The lush tropical fragrance of the plumeria mingled with the refreshing, vanilla-tinged pine scents, fueling our anticipation. Larry would soon be experiencing a most familiar and nostalgic Hawaiian scent in a place he'd least expect to do so -- an alpine forest in Southern California!  

Sprinkled with water and cushioned in plastic wrap, the lei was carefully tucked, out of sight, into my bag.



Once we got to the Discovery Center, it was apparent that this was going to be a very fun evening.  People were into the spirit. 

The decor was vintage 1960s. 

The flower children.

 Headbands and peace signs.  

Flower power. 


 Leather fringe and embroidered jeans.


"These boots were made for walking..." 


We staked out a 60's-themed, gaily decorated table, then browsed the rows and rows of impressive silent auction items, all donated by the kind and generous folks of the area to raise funds for the center.  

The center is nonprofit and dependent on donations, grants and fundraising. The community support for this center is overwhelming.  The list of individuals, volunteers, donors and sponsors was awesome and this was the largest gala ever.  The thousands of hours of dedicated hard work by gala committee members and volunteers were evident everywhere.  It was exquisitely well-organized!

The purpose of the center is noble:  to connect people and the forest.  I'm looking forward to retirement and becoming a volunteer "to help preserve our precious forest for generations to come."

Now this is a fascinating factette:

The Discovery Center has more visitors per year than Yellowstone and Yosemite combined! 

How sweetly these "oh-so-in-love" bears gaze into each other's eyes.

They remind me of us.

If money were no object, I would have bought every raffle ticket and this pair of lovey bears by Tom Biethan would have surely come home with us to commemorate our 29th wedding anniversary:

As a foodie, I was busy admiring the beautifully presented hors d'oeuvres, stuffing my face, sipping the complimentary wines, and snapping pictures of stuffed olive puffs, marinated mushrooms, smoked salmon and cream cheese canaps, Swedish meatballs, stuffed celery sticks, grilled sausages, bruschetta topped with caramelized onions and more, generously provided by the members of A Big Bear Bed & Breakfast Experience. 

These folks know how to make `ono pp (delicious appetizers)!


Meanwhile, you were 'talking story' (chatting it up) with a Hawai`i-looking fellow.  We "brownies" from Hawai`i have this built-in radar for each other.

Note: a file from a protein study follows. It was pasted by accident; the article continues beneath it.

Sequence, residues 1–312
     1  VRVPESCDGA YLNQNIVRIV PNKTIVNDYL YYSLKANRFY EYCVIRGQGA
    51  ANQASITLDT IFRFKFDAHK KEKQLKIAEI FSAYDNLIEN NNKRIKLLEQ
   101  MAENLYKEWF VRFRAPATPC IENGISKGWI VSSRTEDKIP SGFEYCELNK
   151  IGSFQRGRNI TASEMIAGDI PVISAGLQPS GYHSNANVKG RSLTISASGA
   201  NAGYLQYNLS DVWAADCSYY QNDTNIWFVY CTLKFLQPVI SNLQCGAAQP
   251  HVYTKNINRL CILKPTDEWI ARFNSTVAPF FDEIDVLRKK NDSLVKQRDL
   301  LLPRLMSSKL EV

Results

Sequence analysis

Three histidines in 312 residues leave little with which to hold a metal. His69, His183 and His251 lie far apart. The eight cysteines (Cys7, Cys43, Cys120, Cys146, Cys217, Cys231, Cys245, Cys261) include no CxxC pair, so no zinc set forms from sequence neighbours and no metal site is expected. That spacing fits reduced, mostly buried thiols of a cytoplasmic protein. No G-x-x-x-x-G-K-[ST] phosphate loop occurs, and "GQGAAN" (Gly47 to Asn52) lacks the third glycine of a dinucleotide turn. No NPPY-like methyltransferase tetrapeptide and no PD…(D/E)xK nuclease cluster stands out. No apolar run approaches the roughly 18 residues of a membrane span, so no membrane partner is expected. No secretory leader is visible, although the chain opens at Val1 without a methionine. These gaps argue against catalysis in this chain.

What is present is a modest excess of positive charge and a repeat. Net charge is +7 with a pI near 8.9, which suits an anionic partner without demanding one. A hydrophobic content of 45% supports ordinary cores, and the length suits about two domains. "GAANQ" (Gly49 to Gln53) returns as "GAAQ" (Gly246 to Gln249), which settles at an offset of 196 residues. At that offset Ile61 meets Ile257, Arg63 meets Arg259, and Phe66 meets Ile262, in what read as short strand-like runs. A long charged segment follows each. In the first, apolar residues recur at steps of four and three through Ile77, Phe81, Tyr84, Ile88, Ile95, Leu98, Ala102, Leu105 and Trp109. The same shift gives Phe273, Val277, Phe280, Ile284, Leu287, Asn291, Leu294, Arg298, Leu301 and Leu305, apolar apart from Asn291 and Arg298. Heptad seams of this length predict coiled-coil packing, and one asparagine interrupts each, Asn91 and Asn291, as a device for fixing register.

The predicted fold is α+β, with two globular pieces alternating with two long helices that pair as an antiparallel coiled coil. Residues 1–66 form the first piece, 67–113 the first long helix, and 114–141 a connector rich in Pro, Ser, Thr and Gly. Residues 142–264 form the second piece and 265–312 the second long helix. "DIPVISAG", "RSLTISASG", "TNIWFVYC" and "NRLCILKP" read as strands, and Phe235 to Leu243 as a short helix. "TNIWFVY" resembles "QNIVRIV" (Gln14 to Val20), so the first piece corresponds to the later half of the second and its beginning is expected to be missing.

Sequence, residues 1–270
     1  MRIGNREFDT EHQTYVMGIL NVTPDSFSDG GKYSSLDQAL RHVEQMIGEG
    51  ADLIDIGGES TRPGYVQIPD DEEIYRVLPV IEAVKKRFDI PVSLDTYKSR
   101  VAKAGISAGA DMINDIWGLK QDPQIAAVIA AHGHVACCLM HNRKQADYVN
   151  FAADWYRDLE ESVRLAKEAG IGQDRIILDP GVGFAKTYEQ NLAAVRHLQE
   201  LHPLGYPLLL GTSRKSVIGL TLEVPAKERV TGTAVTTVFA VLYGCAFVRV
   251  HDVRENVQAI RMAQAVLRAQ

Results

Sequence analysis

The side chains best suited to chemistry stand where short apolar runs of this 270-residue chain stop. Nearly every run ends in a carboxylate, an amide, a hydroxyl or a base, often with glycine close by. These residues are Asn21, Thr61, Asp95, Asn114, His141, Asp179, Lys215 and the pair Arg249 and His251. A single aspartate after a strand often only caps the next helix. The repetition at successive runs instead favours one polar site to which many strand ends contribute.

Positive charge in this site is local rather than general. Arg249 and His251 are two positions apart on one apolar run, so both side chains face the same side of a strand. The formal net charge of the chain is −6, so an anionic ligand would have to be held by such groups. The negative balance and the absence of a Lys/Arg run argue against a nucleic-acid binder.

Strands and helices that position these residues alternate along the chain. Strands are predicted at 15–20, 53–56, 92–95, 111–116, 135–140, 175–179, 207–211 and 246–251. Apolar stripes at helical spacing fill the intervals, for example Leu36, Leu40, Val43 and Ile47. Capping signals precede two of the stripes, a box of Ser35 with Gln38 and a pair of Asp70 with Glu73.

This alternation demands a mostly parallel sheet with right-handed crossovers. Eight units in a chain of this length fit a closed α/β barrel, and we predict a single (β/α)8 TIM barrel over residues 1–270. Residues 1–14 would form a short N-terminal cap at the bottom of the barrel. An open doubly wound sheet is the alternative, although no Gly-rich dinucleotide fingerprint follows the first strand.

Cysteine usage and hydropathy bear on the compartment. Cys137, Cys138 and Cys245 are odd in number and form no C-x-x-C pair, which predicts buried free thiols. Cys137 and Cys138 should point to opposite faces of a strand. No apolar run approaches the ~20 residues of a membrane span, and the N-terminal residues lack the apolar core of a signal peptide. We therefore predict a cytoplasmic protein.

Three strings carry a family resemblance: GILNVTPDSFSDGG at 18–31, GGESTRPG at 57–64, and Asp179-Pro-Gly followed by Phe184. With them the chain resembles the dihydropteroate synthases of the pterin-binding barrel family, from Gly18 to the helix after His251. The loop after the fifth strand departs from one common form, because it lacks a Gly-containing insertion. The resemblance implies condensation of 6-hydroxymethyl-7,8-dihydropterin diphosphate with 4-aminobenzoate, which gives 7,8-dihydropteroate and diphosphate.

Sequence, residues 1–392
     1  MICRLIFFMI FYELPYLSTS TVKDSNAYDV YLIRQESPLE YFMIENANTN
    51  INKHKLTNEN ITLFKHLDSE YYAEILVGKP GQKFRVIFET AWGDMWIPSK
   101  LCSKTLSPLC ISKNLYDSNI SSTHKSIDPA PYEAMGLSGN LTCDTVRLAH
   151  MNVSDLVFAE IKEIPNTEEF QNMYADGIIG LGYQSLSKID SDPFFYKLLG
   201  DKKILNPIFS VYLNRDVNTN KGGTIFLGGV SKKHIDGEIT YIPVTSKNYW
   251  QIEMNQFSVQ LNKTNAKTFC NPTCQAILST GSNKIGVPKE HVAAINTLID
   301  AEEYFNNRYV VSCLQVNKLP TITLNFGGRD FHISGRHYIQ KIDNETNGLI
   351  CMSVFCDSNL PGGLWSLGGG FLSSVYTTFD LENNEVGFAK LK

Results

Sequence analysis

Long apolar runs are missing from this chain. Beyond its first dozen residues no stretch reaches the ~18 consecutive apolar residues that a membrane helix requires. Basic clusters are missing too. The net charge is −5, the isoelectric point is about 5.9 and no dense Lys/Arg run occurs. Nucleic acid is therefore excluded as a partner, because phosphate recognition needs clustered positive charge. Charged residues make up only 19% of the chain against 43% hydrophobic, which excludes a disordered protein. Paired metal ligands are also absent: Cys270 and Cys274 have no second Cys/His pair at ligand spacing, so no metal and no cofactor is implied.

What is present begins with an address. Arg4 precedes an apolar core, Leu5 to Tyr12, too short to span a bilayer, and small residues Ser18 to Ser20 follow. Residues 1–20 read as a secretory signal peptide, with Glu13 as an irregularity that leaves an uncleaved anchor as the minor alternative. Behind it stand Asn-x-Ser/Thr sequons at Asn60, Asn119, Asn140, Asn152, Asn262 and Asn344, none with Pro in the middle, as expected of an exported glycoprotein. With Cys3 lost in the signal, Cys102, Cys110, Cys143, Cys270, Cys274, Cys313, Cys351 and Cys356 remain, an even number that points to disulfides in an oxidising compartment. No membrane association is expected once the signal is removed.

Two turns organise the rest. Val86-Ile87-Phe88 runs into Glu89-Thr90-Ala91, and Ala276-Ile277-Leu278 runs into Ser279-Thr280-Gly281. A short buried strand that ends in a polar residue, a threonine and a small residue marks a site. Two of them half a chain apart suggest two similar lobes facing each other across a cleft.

Del Ramos, Garlena and Linsey Leilani

Turns out he was Del Ramos, Larry's younger brother with his lovely wife Garlena and their adorable daughter, Linsey, who shares my Hawaiian name, Leilani. Del is a sweetheart with a warm personality; we learned that he too is now a member of the band, singing baritone and bass and playing bass. 

Living in California, Del is closer to Hawai`i than Larry.  Del married a California girl. They live not far from us down the hill, and Del's and Larry's sister once lived in our city. We talked about the Hawaiian restaurants in our area. If there's one common love that Hawai`i people share and love critiquing, it is island food.  Nothing like it!

Del invited us to join them in a luxurious fifth-wheel trailer.  

There, we spent time with Del and his family, his brother Larry and fellow band member Bob Werner, rhythm guitarist and vocalist. Russ Giguere, the other original member of the band, stopped by. 

They were a congenial bunch of guys, and I did not detect even the teensiest bit of ennui.  There was none of  that "been there, done that" insouciance. 

We recalled the last time we saw Larry and Russ in concert at Honolulu's Pagoda Hotel, known for its spectacular koi ponds. Larry shared a poignant story of that time.  

He saw a woman along in years, leaning against the railing and enjoying the colorful koi. Engaging her in conversation, he learned that she was Dorothy Lamour, the sarong-draped actress of our parents' generation. In the sunset of her life, she had come to see and listen to The Association.

Russ Giguere &  Bob Werner



Larry, in the movies with Rita Moreno, 
an erstwhile Big Bear Lake resident

What a life Larry Ramos has crammed into his 60 years:     

Musical talent is encoded in the family genes; their mother sang and their father was a `ukulele player. Like Herb 'Ohta-San' Ohta, Larry's show business career began when he was a wee one. 

At age 5 in 1947, he accompanied his sister's singing of the song "Jealousy" with his `ukulele and sang harmony.  They won the KGMB Amateur Hour radio show competition. His burgeoning talent was a shock to his father who had taught him the basics.  

How did his little boy learn to play those licks or sing those harmonies? 

 As Larry explains it, "I have an ear for music." 

At age 7, he was in the 1950 movie "Pagan Love Song" with Esther Williams and Rita Moreno (this was her first movie role). 

That year, after Larry won top honors at a statewide `ukulele contest, Arthur Godfrey whisked the young lad off to New York to appear on his national TV and radio shows. Other Godfrey discoveries include Pat Boone, Steve Lawrence, Roy Clark and Patsy Cline. (Buddy Holly and Elvis Presley flunked his auditions)

Larry then won the role of the oldest son in the Broadway play, "The King and I" with Yul Brynner...  

Between 1962-1966, he was with The New Christy Minstrels, who were regulars on the "The Andy Williams Show"...  

A wife, Helene, and twin girls, Tracy and Stacy, were added to his life's mix... 

Then he became one of the original members of The Association in 1967... In the 1970s, with Russ, he bought the rights to the group's name. He continues to tour extensively.   

Larry playing his `ukulele on the set of the movie, Pagan Love Song  

        But it was not his career that Larry dwelled on as we caught up on his life.  

Drooling, we talked about picking and devouring sweet lychee, luscious mountain apples, and tasty apple bananas of Hawai`i. We lamented how this fresh bounty -- even calamungai -- is denied us here on the mainland.